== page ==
For the second Obispoensis of this year, we are doing a repeat of a drawing Bonnie did for the banquet cover back in 1993. We’re repeating this particular drawing because of the drought and in the hope that it will serve as sign that we really, really need rain! It was originally done in honor of Dr. Wayne Ferren’s (then Curator of the Herbarium at U.C. Santa Barbara) program entitled “Creation and Restoration of Vernal Pools at Del Sur Reserve near Isla Vista, California.” The vernal pool in Bonnie’s drawing is one that occurs off the road to leading to Cerro Noroeste from California State Highway 166. It is on a shelf in the otherwise steep slopes of that mountain’s foothills. This particular pool is a favorite stop for CNPS-SLO, especially when there has been enough rainfall to fill it.
It is when the vernal pool lasts for weeks that they become particularly interesting. For plants, vernal pools are a particular challenge. The first plants to appear are those that can stand total emersion in the water. These are aquatic plants that usually live totally submerged in the water. Because the water is going to last for a very short time, these aquatic plants must have an accelerated life cycle to get from germination to fruiting. As the pool begins to dry up, plants that can tolerate saturated soils begin to germinate in a ring just inside and upslope from the water’s edge. Again these plants have a difficult environment. They begin life with too much water and end up high and dry as the pool constricts away from them. The end result of this process is a series of bands produced by various species that get their start under different soil water conditions. This banding is easily visible in Bonnie’s drawing. One genus that is particularly typical of vernal pools Downingia. It is they that form a spectacular bluish band around the pool. Bonnie included a drawing of the flower of the common Downingia species found in this particular pond. It is Downingia cuspidata.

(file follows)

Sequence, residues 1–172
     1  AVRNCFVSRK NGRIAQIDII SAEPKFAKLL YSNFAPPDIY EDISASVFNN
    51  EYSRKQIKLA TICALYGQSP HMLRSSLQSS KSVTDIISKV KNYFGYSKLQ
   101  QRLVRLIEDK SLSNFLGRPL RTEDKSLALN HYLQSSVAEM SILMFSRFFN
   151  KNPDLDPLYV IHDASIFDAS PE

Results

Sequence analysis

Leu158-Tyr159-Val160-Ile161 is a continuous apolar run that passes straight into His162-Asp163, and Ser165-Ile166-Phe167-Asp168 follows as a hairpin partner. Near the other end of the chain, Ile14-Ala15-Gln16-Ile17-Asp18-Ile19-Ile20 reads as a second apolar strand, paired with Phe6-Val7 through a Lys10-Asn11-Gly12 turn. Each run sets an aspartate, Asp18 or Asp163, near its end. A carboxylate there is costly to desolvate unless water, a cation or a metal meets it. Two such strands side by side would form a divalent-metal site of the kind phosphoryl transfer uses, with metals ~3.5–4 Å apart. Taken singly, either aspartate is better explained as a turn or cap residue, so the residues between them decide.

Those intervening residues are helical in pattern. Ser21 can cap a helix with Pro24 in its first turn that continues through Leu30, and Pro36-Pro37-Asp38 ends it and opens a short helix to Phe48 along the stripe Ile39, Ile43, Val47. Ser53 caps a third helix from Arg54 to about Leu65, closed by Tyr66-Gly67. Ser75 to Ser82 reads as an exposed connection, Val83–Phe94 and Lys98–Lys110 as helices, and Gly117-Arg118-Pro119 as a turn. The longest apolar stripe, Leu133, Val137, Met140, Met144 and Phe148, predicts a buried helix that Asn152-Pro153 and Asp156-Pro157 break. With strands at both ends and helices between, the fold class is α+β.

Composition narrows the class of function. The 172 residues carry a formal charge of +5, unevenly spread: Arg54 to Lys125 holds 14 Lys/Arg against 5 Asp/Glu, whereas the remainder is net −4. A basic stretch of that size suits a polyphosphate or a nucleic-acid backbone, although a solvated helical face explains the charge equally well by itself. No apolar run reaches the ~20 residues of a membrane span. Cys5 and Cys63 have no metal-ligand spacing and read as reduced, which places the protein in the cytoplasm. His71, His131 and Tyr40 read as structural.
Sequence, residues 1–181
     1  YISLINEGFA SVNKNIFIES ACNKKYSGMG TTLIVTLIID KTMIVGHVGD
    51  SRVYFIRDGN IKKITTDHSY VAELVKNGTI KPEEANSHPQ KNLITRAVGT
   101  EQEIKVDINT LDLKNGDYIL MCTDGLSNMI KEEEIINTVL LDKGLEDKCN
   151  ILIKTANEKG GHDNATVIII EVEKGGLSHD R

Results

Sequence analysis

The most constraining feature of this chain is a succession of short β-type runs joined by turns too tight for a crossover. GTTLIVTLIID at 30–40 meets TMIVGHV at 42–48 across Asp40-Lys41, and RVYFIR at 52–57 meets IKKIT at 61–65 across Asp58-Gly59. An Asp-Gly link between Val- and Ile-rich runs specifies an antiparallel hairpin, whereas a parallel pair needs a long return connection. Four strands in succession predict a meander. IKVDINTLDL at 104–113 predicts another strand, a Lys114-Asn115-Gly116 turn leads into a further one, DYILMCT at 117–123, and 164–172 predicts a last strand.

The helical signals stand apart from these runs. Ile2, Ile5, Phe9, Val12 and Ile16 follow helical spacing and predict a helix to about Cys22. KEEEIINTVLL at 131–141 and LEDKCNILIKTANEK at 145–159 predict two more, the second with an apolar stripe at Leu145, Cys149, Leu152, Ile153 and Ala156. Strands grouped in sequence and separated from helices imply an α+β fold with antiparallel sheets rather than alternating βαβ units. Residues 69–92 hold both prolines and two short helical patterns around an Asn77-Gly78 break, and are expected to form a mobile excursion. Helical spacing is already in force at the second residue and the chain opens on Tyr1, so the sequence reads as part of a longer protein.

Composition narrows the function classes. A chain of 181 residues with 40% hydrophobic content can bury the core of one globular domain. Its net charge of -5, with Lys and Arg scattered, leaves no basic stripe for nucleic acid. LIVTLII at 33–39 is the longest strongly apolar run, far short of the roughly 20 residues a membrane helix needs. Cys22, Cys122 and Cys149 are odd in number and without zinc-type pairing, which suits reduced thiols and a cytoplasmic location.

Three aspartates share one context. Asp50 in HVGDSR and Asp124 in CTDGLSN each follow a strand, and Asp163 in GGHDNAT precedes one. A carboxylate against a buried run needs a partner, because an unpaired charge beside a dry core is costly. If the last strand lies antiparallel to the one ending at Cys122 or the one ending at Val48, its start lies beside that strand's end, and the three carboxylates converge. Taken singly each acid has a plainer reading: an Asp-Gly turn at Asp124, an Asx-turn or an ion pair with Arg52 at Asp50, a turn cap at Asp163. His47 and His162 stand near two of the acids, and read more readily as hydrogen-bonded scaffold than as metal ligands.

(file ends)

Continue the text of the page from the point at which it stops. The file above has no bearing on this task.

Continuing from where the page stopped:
Bonnie’s drawing was taken from a photograph, lost many years ago, that was taken on a chapter field trip to Mount Able and Mt. Pinos. Although the person shown in the drawing is drawn much too small to be recognized, notes from the time indicate that it is Sybil McLeod who served CNPS-SLO chapter in many different ways. Yes, she was also the wife of Dr. Malcolm McLeod who was a past CNPS-SLO President, Historian, and for many years the Rare Plant Committee Chairman. To be a committee chair in this chapter usually means you do all the committee’s work.
Congratulations to Natalie Rossington
CNPS-SLO is awarding the McLeod Scholarship to Natalie Rossington, a Master’s student studying Biology at Cal Poly where she also received an undergraduate degree in Soil Science. She enjoys botanizing in the spring, photography, and cooking in her free time. Natalie grew up in Santa Barbara and currently lives in Morro Bay.
Natalie Rossington will be studying the distribution and ecology of native populations of Layia jonesii and Layia platyglossa in Reservoir Canyon by using a reciprocal transplant. She will also investigate the pre-zygotic and post-zygotic barriers between the two species by performing a hybridization study. She hopes to find new populations of L. jonesii throughout San Luis Obispo County during Spring 2014 and 2015.
Read more about the McLeod Scholarship